Now in the Fall of 2009,  while on a family trip, I discovered a treasure much closer to home; totally different from the southwest. Shenandoah National Park in Virginia.  Seeing the lush mountains and forests and waterfalls in Autumn stroke a new chord in me.  But,  this new love for the mountains of Appalachia did not come to full fruition until I decided to stay in the car and spend 10 days in the Smoky and Blue Ridge Mountains.  You cannot compare it to the landscapes of the Southwest, because it is not the Southwest. It is a different state of mind, but beautiful nonetheless. As you head west down the interstate in North Carolina and you start to see the landscape change, with the mountain range in front of you, you realize you're not in the flat boring east coast anymore. 

Arriving in Cherokee, NC and entering the park via US-441 is like a trip through Eden.  Lush rich forests, rivers, streams all intertwined between the mountain road. And when you find a place to stop, and you head down to the river or an overlook of the landscape,  you see wilderness and the beauty of lines and curves formed by the mountainous landscape outlined by summer wildflowers.

Going down to the side of the rushing river and stream and hearing nothing but the sound of the rushing waters and it was pure love for me.  I truly hate civilization.  Our modern day civilization is nothing but a cacophony of noise, violence, pollution, hatred. Being in the National Parks and especially in the Smokies is an oasis away from man's cesspool.  You breathe clean air and most of all, you get away from the sound of man.  I cannot tell you how much I appreciate quiet. Just hearing the sounds of the earth and of nature.  While photographing these streams under the canopy of the lush green forests, I could see eastern bluebirds all around me. Not something we tend to see in South Florida.  In fact, there was no shortage of songbirds all around me in the hills of Tennessee and North Carolina. I have found my new place to get away from the world. It wasn't the desert. But it truly is another corner of Heaven.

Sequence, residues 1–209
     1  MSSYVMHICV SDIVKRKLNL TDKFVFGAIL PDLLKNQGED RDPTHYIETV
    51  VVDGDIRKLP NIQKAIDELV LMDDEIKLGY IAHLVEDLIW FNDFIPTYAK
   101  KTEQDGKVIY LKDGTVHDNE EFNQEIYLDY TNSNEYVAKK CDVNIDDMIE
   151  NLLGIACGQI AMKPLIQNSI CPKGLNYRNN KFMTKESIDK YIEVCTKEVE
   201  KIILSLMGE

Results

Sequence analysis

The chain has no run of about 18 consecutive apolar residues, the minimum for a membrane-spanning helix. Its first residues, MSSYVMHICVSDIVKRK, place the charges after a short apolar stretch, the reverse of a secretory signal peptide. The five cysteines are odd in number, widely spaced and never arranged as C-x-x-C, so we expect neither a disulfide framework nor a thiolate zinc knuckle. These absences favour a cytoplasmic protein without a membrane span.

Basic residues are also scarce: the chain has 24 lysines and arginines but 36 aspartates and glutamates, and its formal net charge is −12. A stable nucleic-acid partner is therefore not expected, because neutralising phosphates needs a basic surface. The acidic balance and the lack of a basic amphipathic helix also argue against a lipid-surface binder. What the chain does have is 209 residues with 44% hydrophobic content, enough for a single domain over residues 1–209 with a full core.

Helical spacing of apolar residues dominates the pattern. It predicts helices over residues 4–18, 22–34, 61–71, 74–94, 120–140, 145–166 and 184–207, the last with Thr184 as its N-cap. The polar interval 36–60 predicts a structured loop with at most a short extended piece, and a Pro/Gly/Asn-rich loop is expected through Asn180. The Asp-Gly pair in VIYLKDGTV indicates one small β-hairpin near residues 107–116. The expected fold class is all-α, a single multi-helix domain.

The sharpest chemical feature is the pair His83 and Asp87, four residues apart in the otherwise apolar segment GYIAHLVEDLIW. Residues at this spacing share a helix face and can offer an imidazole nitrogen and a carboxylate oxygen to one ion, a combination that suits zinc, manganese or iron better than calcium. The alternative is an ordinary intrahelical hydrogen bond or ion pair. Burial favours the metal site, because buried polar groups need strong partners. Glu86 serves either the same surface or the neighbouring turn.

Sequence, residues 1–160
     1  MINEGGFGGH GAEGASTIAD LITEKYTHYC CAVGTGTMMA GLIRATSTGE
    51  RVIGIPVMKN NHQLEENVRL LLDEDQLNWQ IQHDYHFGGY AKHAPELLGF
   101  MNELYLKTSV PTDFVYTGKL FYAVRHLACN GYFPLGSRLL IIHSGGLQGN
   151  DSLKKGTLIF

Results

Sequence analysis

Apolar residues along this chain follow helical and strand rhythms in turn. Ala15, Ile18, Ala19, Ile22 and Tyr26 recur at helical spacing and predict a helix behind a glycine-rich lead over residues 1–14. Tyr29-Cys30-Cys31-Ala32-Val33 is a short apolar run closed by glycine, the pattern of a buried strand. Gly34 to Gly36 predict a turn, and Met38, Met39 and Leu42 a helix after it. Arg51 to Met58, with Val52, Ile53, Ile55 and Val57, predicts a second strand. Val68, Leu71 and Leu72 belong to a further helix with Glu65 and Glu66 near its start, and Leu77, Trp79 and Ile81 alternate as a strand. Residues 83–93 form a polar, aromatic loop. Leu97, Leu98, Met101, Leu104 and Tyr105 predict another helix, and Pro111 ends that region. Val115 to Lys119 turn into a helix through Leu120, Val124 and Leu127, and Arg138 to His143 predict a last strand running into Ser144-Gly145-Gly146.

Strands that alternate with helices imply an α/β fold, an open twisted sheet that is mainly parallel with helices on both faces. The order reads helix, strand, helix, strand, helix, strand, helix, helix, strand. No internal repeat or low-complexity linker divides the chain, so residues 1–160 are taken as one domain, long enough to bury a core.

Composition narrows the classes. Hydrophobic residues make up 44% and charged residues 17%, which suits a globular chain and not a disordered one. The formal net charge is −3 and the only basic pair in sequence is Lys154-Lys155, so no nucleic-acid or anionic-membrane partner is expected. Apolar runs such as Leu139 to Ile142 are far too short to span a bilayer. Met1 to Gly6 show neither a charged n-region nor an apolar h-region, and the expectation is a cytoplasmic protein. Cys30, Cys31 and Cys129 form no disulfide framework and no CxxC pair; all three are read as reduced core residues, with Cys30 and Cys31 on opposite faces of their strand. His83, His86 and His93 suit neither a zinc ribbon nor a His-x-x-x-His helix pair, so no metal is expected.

All images © 2010 by Michael Pancier Photography

TO BE CONTINUED

Please visit my website at www.michaelpancierphotography.com
8/03/2010

A Philosophy to Live By

 Great Smoky Mountain National Park
© 2010 Michael Pancier Photography
Do not burn yourselves out. Be as I am. A reluctant enthusiast and part-time crusader. A half-hearted fanatic. Save the other half of yourselves for pleasure and adventure. It is not enough to fight for the West. It is even more important to enjoy it while you can, while it’s still there. So get out there, hunt, fish, mess around with your friends, ramble out yonder and explore the forests, encounter the Griz, climb a mountain, bag the peaks, run the rivers, breathe deep of that yet sweet and elusive air. Sit quietly for a while and contemplate the precious stillness of the lovely, mysterious, and awesome space. Enjoy yourselves. Keep your brain in your head and your head firmly attached to the body, the body active and alive. And I promise you this one sweet victory over our enemies, over those desk-bound people with their hearts in safe deposit boxes and their eyes hypnotized by their desk calculators. I promise you this: you will outlive the bastards. –EDWARD ABBEY
Word!
8/01/2010

Are You Ready for Some Dolphin's Football?



Spent the day yesterday at the 2010 Miami Dolphin Training Camp.  I can't believe another year has gone by already so fast.  This time I took my camera and a telephoto zoom (took a 75-300 in that they did not allow lenses larger than 8" in to the practice).  I almost was not allowed to use it until I showed the guy there that the reason it looked larger was the lens hood. So he told me to take pics without the lens hood so the coaches would not get upset.  I obliged.  In any event,  I got some really cool pictures this time and is probably one of the few times I can get this close to NFL players without a press pass.

I put together this video slideshow of some of my favorite shots I got there yesterday afternoon in the 95+ degree heat in Davie, Florida.

If you'd like to see the pics in more detail you can see them here at my Miami Dolphins Flickr set.

So are you ready for some football? 

When you're done, please visit my website or my new Facebook Fan Page to see my latest stuff.